A Law Society of B.C. disciplinary panel has found a West Vancouver lawyer guilty of professional misconduct for flowing $26 million through his trust account.
In the face of an overheated real estate market and public concerns about foreign capital last year, the society cited Donald Gurney over his involvement in four questionable, three-year-old transactions.
The panel found he ignored “a sea of red flags” and allowed $25,845,489.87 of offshore cash to pass through his trust account between May and November 2013.
He charged a tenth of one per cent of the amount given “the risk involved.”
But the panel did not find Gurney a credible witness, particularly when it came to what he knew and the calculation of his fees.
“He was evasive in that he would not answer questions put to him and was self-serving with regard to his knowledge of the Law Society accounting rules,” it said.
With the veneer of legitimacy he provided, that cash was beyond the usual purview of the authorities and could have been used for any purpose including to finance crime or even terrorism.
“For a lawyer to ignore the flags that raise a reasonable suspicion and to make minimal inquiries beyond dealing with client verification and the asking of ‘pro forma’ questions in the circumstances of this case leads to the inexorable conclusion that (Gurney) has committed professional misconduct,” the panel concluded in its 33-page decision.
Phil Riddell, the chair from Port Coquitlam, and Gillian Dougans, a lawyer from Kelowna, added: “This is a case in which (Gurney) has shown a gross culpable neglect to his duties to make reasonable inquiries, and we also find that (Gurney) used his trust account in the absence of providing legal services.”
A second hearing, not yet scheduled, will determine the appropriate sanction.
A disappointed Gurney said Thursday he is reviewing the decision and considering an appeal.
“We are satisfied, from our inquiries that there was no impropriety or illegality associated with these transactions,” he said in a three-page statement that questioned whether the expectations of the panel were realistic.
Gurney’s lawyer Paul Jaffe said: “For the purpose of demonstrating a strong response to an industry that, it seems, involves considerable money laundering, the LSBC has gone after my client (a lawyer who, with over 49 years at the bar, who had, until now, an excellent reputation without a single disciplinary matter over his entire career) but who, according to the LSBC, failed to investigate the representations of his client (truthful ones as it turns out) and even though this particular client has no history of any criminal, regulatory, taxation, civil, investigatory and/or any other kind of proceedings.”
The panel said the offshore funds were converted into bank drafts and Gurney knew little about the borrower, the purpose of the loans, the lenders, their businesses, their principles or the relationships.
It added that the 49-year veteran lawyer should have more closely investigated the transactions and established “why companies in Nevis/Marshall Islands/Belize would lend a total of $26 million to a newly incorporated BC company with, as far as he knew, no assets and no plans.”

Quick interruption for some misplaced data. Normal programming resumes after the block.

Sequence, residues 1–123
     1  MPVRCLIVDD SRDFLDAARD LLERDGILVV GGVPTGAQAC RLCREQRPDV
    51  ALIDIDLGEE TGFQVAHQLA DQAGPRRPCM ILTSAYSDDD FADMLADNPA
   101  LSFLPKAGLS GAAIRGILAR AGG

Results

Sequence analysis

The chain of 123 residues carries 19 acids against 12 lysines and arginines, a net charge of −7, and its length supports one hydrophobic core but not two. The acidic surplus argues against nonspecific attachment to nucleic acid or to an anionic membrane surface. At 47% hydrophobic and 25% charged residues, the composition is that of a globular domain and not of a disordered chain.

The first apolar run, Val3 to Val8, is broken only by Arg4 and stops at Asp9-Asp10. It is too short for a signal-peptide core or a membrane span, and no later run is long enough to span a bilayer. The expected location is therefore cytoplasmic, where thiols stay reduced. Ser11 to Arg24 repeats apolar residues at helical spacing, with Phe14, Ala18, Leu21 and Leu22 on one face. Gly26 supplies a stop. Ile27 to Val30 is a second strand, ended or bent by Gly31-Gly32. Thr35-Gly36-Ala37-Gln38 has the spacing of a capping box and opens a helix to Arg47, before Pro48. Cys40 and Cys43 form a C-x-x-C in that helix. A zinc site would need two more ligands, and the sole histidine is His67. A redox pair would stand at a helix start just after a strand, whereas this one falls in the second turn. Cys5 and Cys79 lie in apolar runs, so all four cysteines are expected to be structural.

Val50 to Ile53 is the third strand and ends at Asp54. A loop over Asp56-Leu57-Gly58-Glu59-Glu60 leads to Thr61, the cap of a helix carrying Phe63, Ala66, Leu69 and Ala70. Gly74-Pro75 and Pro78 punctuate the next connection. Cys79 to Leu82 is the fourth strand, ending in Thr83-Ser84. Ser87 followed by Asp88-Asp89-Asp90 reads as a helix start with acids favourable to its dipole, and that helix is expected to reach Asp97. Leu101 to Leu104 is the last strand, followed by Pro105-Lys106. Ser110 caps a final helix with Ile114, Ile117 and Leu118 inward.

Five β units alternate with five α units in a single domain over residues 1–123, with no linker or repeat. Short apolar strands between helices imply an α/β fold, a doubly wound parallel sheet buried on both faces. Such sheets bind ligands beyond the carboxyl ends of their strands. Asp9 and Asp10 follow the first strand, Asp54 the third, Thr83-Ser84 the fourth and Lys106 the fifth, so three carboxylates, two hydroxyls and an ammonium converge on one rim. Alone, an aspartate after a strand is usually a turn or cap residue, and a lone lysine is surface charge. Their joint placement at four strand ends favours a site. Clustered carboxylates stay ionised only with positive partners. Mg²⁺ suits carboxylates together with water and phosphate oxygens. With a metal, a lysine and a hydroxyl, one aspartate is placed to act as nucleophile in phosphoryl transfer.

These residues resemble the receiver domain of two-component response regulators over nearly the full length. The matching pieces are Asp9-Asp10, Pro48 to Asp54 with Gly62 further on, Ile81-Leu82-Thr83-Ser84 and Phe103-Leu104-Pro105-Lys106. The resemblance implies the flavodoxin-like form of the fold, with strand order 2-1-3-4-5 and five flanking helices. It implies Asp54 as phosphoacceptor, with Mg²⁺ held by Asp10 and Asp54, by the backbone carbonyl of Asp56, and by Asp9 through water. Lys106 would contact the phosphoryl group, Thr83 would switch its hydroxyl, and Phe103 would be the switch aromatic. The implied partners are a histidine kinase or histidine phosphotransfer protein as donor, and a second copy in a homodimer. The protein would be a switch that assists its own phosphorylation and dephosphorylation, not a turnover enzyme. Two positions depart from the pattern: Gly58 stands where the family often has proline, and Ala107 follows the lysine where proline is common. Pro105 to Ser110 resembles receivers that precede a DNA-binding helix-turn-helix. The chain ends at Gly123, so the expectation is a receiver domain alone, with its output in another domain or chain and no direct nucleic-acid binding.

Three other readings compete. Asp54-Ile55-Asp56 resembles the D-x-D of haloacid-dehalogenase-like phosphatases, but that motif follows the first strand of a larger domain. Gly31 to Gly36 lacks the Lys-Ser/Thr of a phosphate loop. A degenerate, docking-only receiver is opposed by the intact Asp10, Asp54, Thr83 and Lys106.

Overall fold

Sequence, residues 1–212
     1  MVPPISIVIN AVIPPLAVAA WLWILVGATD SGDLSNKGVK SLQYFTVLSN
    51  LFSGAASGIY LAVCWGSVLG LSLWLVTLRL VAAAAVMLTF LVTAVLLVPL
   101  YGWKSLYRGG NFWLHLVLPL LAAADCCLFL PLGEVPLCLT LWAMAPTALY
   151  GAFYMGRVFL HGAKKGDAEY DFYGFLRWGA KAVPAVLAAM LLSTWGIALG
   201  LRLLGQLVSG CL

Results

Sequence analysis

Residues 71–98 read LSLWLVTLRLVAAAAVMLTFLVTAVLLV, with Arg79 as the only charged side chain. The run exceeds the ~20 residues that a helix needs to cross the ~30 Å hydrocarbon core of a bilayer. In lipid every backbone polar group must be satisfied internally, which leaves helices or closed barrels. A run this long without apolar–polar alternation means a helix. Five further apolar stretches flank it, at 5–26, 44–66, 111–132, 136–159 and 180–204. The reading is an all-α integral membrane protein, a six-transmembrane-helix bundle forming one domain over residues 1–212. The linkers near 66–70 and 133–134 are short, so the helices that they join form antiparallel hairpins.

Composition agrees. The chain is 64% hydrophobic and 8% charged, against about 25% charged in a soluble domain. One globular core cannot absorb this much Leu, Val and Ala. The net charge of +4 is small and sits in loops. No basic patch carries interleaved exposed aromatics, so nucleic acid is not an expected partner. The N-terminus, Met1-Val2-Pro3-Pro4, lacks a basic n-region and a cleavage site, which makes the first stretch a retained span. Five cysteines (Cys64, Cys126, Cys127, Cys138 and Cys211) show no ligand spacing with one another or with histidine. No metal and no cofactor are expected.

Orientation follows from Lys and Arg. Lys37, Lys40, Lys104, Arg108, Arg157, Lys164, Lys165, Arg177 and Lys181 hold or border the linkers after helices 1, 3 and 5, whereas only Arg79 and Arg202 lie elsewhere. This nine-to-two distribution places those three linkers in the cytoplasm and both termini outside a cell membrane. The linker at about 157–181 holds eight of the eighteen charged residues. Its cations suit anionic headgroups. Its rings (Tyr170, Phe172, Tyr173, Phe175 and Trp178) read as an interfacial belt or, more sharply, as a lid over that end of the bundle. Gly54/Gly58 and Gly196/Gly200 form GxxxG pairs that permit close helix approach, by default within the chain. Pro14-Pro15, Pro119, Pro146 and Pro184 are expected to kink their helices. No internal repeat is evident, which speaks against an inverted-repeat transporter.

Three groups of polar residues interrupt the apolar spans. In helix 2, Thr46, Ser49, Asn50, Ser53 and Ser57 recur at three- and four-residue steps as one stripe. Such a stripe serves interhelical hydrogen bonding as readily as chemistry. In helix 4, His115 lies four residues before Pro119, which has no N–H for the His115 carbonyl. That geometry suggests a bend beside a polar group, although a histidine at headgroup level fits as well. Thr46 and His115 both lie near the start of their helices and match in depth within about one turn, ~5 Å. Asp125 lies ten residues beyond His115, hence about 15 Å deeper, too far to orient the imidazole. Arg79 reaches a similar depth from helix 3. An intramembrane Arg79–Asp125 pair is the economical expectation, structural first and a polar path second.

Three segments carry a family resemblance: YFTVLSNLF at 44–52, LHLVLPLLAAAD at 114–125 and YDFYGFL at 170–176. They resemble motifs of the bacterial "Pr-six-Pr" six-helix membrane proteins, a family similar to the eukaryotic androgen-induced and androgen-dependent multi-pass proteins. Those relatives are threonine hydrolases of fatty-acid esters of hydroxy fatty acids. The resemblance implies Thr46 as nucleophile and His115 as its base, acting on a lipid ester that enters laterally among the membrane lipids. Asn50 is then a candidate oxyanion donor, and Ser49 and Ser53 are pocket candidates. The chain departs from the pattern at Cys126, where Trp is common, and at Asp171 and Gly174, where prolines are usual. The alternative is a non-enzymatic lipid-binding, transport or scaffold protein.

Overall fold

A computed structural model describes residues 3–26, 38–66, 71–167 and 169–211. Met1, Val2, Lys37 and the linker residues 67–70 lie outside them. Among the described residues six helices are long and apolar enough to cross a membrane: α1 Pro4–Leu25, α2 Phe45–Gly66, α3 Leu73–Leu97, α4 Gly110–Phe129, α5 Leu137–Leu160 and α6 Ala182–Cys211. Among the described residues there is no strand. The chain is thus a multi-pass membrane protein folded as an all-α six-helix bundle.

Gurney acted for C Inc. — formed in December 2012 and whose sole shareholder as of May 1, 2013 was someone identified only as “IJ” — the borrower in four line-of-credit agreements.
The agreements were all unsecured, one page in length and were remarkably similar, except for the parties, the loan value and the choice of forum in the jurisdictional clause.
Gurney described his role as facilitating the receipt and disbursement of loan advances and converting the funds from U.S. to Canadian dollars.
The panel said there was no professional need for Gurney to be involved in the transactions that came to light during a compliance audit, a regulatory oversight check the society makes on law firms roughly every six years.
He also had no background in securities law or offshore banking.
Gurney’s practice included some commercial real-estate work, conveyancing and a smattering of foreclosures.
He currently has an active commercial lending practice acting for mortgagors and mortgagees, the panel noted, including three mortgage investment corporations that are winding up after having had $30-$35 million to loan out to the private sector at their peak.
The law society maintained at the January hearing it was of fundamental importance lawyers ensured their trust accounts and solicitor-client privilege were not misused.
Because they are exempt from the usual money-laundering laws, the legal watchdog maintained lawyers exercised a gatekeeper function and must properly scrutinize trust-account transactions.
The panel agreed: “Prior to the lawyer becoming involved in a transaction, if there is a reasonable suspicion that the transaction may involve illegal activities in Canada or abroad the lawyer has a duty to make reasonable inquires … one would have to ignore the sea of red flags that were raised by these transactions.”
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